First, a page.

US home prices hit new low
Prices of US homes have not been this low since 2002, when that year’s S&P Case-Shiller national home price index was released. The latest data comes from the most recent S&P Case-Shiller index.
The 4.2 percent decline in the past few months marks the third straight quarterly fall which now is also down 5.1 percent from a year ago. Nationwide prices are down an average of 32.7 percent from five years ago.
“This month's report is marked by the confirmation of a double-dip in home prices across much of the nation," said David Blitzer, spokesman for Standard and Poor's reported CNNMoney.
As unemployment continues and prices rise, fewer Americans are willing to risk buying a home. Meanwhile foreclosures continue as people are unable to sell their homes and hold down jobs in America’s volatile jobs market.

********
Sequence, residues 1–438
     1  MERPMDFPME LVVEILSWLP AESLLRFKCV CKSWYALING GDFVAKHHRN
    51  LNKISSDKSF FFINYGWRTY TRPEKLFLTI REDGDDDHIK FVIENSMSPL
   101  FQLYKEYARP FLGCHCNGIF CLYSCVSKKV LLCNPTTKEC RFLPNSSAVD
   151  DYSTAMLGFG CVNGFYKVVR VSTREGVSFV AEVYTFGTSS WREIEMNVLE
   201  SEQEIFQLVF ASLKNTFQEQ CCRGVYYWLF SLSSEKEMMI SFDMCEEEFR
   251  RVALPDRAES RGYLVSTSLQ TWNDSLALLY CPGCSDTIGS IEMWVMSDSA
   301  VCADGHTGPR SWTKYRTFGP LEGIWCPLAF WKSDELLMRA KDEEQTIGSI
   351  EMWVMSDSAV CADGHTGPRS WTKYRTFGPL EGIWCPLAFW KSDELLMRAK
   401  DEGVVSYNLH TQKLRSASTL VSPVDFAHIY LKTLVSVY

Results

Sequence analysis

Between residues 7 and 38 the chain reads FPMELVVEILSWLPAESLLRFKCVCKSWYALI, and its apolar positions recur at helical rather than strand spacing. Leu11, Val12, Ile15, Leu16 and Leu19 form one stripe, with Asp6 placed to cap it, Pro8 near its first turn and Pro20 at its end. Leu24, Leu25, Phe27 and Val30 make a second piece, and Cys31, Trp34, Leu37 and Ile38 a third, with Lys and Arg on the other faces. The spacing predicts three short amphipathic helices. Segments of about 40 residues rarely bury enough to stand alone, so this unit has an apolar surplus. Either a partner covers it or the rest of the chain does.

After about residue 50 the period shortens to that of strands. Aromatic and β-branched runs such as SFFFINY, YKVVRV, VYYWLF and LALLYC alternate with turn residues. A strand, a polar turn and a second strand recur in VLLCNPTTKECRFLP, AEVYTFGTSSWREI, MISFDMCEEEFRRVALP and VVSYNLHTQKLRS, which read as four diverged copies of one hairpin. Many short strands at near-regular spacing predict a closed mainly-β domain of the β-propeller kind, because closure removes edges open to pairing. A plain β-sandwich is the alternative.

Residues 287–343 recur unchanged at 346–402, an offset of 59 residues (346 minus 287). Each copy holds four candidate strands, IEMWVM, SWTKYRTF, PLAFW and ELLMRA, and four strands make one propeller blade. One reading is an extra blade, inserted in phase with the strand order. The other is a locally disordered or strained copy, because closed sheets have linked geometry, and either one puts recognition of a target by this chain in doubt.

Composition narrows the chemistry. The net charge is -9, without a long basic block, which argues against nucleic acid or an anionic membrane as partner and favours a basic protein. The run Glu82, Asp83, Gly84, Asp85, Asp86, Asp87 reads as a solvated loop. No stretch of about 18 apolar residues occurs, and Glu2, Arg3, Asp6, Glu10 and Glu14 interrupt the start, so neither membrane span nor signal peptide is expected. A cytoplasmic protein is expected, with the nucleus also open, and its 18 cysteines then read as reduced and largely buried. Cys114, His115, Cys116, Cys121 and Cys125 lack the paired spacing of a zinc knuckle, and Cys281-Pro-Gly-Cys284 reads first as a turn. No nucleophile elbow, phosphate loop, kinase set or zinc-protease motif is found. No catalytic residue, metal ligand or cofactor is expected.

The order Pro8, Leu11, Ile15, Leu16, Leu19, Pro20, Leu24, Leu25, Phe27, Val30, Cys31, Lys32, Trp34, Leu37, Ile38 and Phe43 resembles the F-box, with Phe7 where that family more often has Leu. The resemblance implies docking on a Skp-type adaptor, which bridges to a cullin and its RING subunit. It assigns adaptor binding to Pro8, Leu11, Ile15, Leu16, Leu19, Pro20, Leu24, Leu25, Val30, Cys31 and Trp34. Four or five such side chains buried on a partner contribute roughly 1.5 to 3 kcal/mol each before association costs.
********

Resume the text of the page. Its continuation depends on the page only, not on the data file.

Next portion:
Many analysts had hoped the housing market was turning around, given spikes in 2009 and 2010, however it is now believed that those spikes were merely short lived and occurred due to the already expired first-time home buyer’s tax credit enacted by the US Congress.
"The rebound in prices seen in 2009 and 2010 was largely due to the first-time home buyers tax credit," Blitzer commented. "Excluding the results of that policy, there has been no recovery or even stabilization in home prices during or after the recent recession."
Another index compiled by S&P Case-Shiller also indicated that home prices in America’s top 20 cities has also fallen consistently over the past eight months.
The housing market is clearly in a double-dip decline even though some experts have claimed the recession is over. If in fact the recession has ended, the post-recession continual decline in the US housing market could be an alarming sign of an impending second recession.